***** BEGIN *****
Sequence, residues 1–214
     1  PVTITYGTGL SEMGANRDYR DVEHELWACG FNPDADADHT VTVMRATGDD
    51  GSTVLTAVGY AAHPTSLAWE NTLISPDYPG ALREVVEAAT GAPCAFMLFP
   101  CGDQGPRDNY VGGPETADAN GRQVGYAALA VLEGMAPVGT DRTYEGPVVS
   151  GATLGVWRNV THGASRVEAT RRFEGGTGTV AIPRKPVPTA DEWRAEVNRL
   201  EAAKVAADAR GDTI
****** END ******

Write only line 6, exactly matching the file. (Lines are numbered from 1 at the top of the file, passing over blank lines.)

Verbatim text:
   201  EAAKVAADAR GDTI